Yuan J.-Y.,Osum Oil Sands Corporation |
Chen J.,Albert Research Council |
Pierce G.,Albert Research Council |
Wiwchar B.,Albert Research Council |
And 4 more authors.
Journal of Canadian Petroleum Technology | Year: 2011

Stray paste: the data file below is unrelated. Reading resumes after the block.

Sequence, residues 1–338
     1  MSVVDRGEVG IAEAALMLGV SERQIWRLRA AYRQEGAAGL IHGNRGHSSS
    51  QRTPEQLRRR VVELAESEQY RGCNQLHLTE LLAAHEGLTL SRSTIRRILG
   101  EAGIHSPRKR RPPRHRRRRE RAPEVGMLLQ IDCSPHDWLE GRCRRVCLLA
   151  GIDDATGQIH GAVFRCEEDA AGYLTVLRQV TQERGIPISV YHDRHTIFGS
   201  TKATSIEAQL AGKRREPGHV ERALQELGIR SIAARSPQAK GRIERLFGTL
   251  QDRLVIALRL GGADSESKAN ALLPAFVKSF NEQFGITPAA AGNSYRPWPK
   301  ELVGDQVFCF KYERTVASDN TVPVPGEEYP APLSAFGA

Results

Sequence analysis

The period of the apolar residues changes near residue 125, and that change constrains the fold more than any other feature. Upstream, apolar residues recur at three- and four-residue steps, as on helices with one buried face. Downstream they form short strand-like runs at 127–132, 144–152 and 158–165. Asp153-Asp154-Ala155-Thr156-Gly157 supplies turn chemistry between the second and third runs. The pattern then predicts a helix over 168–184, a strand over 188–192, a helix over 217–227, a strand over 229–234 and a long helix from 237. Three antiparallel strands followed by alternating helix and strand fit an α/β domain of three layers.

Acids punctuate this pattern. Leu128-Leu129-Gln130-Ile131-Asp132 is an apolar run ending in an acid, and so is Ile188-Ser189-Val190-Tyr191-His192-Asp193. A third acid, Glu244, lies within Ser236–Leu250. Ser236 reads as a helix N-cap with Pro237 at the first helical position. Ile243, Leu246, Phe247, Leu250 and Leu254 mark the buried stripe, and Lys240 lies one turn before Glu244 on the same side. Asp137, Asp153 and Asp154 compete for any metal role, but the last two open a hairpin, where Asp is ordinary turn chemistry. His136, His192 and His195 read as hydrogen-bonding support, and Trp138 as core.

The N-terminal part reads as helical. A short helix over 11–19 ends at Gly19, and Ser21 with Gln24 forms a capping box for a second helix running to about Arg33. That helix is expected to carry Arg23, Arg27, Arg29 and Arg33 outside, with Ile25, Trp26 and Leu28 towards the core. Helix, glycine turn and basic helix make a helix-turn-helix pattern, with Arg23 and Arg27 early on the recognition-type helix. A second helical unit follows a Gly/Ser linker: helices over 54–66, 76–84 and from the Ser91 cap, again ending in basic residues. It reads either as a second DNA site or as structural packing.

This paper summarizes a set of SAGD experiments conducted live under an X-ray scanner. These experiments were specifically designed for mapping noncondensable gas distribution and their movement in an active steam chamber during SAGD. Many researches over the past 3 decades have shown that noncondensable gases may have critical impacts on SAGD performance. Some may be positive and others may be negative, depending on reservoir and operating conditions. To better use the positives, avoid the negatives, and for better SAGD performance predictions, it is crucial to understand how these gases behave in a steam chamber. It is arguable that noncondensable gases tend to accumulate at the steam front where steam condenses. However, this assertion has only been supported by numerical simulations. Field observation data have been too sparse. Meaningful tracking of gas production is not a normal practice in the field. The first experiment was conducted in an aluminum vessel packed with 4 darcy sands at 1.0 MPa. The second experiment was conducted in a scalable system consisting of a titanium pressure vessel and a PEEK cell, allowing the SAGD experiment to run at 2.1 MPa. Both experiments used bitumen fully saturated with methane at reservoir conditions and were run live under the X-ray scanner. X-ray images were taken at given time intervals. Temperature profiles were obtained directly from thermocouples. Density profiles were computed from the X-ray images. Methane in the free gas phase were calculated and mapped. After each experiment, samples from the opened cell were also tested for additional observation and confirmation. These experiments confirmed the assertion that noncondensable gas tends to concentrate along the steam front. It was also demonstrated that the steam temperature zone does not coincide with the oil-depleted zone, indicating that in a SAGD reservoir with nontrivial presence of noncondensable gases, temperature measurements at observation wells alone would not reflect the boundary of the steam chamber. The more representative measure of a steam chamber should be the mapping of the oil-depleted zone. A more comprehensive monitoring of gas production plus 4D seismic would be needed to determine the oil-depleted zone in the field operation. © 2011 Society of Petroleum Engineers. Source